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Armed forces / Disaster relief

1 September 1999

Kia ora,

The release of the final report 'Defence beyond 2000' (see Defence Inquiry Report) has generated considerable discussion among visitors to our office over the past couple of days. The following article was mentioned as an interesting counter to the view that any country needs armed forces for civil defence or disaster relief work - such a role being used by some as a justification for the NZ defence forces.

The article makes one think, again, about the priorities most governments have in where they put their resources - warfare and killing being seen as valid, regardless of the cost. Although no government could have been totally prepared for a magnitude of the disaster of this earthquake, more of a focus on civilian infrastructure and less on expensive military hardware over the years, may well have left the government and people of Turkey in a better position to cope with the aftermath.


EVERY EARTHQUAKE has its own barbaric timetable: catastrophe, rescue, survivors, dead, mass burial. Then the television pictures fade away, just as they do today when old American movies replace on Turkish television the live coverage of their country's Golgotha. Bread and circuses take the place of grief, fantasy replacing horror.

In Turkey, we have just reached the final equation. The "last" victims dragged from the pancaked houses - be sure there are a few (or many) still waiting for the rescuers who will never come, and who will die, gently or in pain - while their country's leaders declare that "we only need to trust the power of our nation and our state, and deal with our problems hand-in-hand". This is what the Turkish Prime Minister, Bulent Ecevit, said. "We have the strength to overcome this earthquake very soon."

And we - the West - accept this. Just as we accepted their word when the Turkish government said that 14, then 100, then 6,000, then 10,000 were dead, avoiding that critical figure of the missing - 40,000 to 50,000 - which was obvious. The government figures were faithfully repeated by the satellite television reports for at least four days, obfuscating the real dimension of this epic tragedy. When 50,000 were dead, we went on obediently reporting that a few thousand had perished. And no one asked the critical question: what happened to the Turkish army, the defence of the nation, the creation of Mustafa Kemal Attaturk, upon whom the Turkish people relied for their protection?

Alas, the long-term lesson of this disaster has not been mentioned: the defenders of the Turkish people did not defend them. They tried, up to a point, but they had no expertise.

They were untrained, they were unprepared. Somehow, with our Nato training, they were able to sustain a massive guerrilla war against Kurdish separatists, and occupy northern Cyprus, but when they were tested last week, the Turkish army's performance was pitiful. It turned out that while they could assault the PKK with US attack helicopters, they could not even set up soup kitchens for Turkish civilians 24 hours after the earthquake. They could "cleanse" the Kurdish towns around Diyarbakir but they couldn't produce a single earthquake rescue unit around Istanbul.

While tens of thousands of survivors pleaded and screamed for help, only a few battalions turned out to drag the concrete from the living and the dead. In Izmit, armoured vehicles moved through the streets - as if the security forces wanted to put down an insurrection rather than rescue the men, women and children dying in the ruins. While people cried for help in Aydin outside Yalova, hundreds of soldiers sat in their army trucks in a stationary convoy inside the town. They were not armed with picks and shovels and earth-moving equipment, but with automatic rifles. How many more victims might have been rescued if the quarter- million-strong army fighting the Kurds in south-east Turkey had been deployed to the devastated North-west?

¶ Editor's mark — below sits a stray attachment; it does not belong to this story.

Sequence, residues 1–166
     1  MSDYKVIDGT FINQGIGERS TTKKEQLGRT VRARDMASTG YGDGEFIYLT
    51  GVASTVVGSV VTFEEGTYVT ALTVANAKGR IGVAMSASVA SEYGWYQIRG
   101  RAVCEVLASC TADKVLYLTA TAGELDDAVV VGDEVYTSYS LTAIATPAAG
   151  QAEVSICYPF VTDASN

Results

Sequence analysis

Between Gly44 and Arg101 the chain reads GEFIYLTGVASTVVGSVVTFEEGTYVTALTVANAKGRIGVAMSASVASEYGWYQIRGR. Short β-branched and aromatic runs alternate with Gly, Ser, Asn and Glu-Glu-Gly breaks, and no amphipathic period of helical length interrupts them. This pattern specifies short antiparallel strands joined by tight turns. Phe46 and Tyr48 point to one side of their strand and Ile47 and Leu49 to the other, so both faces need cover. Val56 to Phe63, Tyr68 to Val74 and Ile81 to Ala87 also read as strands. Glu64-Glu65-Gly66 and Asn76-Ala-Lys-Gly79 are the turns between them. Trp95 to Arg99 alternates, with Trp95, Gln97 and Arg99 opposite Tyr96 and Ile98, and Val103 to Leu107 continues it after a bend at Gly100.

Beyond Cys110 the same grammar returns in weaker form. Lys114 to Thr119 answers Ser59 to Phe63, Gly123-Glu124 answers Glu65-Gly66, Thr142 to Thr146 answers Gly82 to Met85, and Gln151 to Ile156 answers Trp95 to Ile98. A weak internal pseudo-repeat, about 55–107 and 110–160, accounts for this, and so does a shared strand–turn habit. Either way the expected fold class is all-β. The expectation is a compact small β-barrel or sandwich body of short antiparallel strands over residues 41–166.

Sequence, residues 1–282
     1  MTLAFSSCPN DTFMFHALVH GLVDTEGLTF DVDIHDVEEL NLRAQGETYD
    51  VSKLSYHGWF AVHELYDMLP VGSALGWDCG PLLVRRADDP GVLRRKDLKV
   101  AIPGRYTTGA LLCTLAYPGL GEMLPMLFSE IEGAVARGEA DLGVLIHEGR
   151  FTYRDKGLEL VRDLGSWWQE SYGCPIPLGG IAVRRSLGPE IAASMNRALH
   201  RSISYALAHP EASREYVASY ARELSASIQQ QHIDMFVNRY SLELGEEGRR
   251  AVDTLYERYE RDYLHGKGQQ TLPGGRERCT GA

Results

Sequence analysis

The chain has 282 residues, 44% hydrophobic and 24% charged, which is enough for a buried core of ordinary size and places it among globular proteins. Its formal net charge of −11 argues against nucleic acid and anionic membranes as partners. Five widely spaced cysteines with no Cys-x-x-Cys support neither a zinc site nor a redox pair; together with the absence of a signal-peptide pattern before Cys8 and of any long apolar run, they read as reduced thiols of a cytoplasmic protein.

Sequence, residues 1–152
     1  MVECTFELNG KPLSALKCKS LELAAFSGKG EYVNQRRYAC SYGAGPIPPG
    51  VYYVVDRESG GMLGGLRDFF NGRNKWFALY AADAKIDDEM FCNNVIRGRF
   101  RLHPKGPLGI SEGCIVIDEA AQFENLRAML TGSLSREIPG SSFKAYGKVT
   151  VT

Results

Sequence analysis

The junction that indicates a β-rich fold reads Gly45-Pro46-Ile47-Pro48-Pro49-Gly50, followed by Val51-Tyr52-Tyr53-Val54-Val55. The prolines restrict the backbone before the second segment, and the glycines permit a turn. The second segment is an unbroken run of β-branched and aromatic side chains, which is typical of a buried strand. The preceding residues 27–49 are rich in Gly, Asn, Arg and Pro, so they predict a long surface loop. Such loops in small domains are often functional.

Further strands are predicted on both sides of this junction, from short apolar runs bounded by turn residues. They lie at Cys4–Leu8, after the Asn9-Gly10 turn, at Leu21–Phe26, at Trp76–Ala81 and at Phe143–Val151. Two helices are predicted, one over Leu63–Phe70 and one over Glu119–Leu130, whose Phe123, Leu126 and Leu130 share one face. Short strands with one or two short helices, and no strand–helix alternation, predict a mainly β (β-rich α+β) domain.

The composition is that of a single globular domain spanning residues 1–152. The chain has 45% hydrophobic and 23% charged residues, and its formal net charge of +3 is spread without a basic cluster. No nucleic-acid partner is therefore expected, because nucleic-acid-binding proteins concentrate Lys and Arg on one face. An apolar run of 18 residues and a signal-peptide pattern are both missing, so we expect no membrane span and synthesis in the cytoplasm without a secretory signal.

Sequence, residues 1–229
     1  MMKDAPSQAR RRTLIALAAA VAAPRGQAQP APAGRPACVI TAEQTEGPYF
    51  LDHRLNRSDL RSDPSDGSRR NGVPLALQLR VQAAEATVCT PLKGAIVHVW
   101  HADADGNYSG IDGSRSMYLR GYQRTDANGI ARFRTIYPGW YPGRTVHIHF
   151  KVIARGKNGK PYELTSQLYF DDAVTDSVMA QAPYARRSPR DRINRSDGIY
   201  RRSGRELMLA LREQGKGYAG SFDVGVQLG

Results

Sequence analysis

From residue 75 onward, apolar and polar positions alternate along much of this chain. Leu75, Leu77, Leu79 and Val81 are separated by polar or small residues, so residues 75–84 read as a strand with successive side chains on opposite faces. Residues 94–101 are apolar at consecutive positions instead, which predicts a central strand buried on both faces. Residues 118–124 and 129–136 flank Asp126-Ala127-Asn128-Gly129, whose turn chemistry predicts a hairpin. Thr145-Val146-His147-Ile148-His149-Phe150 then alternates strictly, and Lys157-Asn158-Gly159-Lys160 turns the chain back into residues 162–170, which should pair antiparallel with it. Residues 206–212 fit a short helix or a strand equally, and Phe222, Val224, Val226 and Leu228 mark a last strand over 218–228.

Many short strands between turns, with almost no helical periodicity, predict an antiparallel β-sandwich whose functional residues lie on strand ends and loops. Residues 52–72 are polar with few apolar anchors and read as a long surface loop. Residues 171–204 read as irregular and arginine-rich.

"Turkey is our long-time ally and the people of Turkey are our friends," President Clinton said yesterday. So why - instead of selling them our helicopters and fighter bombers (501) and tanks (4,205) - didn't we train these soldiers to deal with earthquakes, the most brutal enemy of the Turkish people? But no, we never encouraged this huge military power to look after its own people, any more than we forced it to accept human rights in Turkish Kurdistan. We poured our outdated Nato weaponry into their armouries after the Soviet Union collapsed. We wanted to support not our "friends" - as President Clinton would have it - but our military ally.

There was an instructive episode in the hours that immediately followed the earthquake. Even as his people were dying in their thousands General Huseyin Kivrikoglu, chief of the Turkish general staff, took time off to visit Attaturk's tomb in Ankara. After all, he had an important guest to take there: his American opposite number, General Henry H Shelton. General Kivrikoglu did not take him to see the devastation, but spent much of his time in conclave with the US chief of general staff, the US ambassador and other American military officers at army headquarters.

After a few words about how America is "sharing" the sorrow of the Turkish people, General Shelton went on to defend US bombing policy in Iraq. Did he ask why the all-powerful Turkish army did not have a single earthquake rescue brigade, not even a sniffer dog team? It's unlikely. When you ask Middle East nations to be your policeman, their citizens are the last people on the agenda.

Robert Fisk.
INDEPENDENT (London) August 23

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